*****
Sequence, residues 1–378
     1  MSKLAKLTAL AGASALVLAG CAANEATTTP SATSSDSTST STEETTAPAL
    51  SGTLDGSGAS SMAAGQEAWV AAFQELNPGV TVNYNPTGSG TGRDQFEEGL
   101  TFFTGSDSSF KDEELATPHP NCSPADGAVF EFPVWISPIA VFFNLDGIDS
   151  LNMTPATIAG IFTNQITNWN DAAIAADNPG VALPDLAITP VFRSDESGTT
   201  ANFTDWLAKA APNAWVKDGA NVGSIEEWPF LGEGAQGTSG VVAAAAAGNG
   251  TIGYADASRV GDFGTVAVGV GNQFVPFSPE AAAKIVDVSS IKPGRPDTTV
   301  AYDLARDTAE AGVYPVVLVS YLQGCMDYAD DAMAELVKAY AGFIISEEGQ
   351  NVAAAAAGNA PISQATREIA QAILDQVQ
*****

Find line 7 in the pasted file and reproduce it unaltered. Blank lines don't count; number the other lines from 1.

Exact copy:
   251  TIGYADASRV GDFGTVAVGV GNQFVPFSPE AAAKIVDVSS IKPGRPDTTV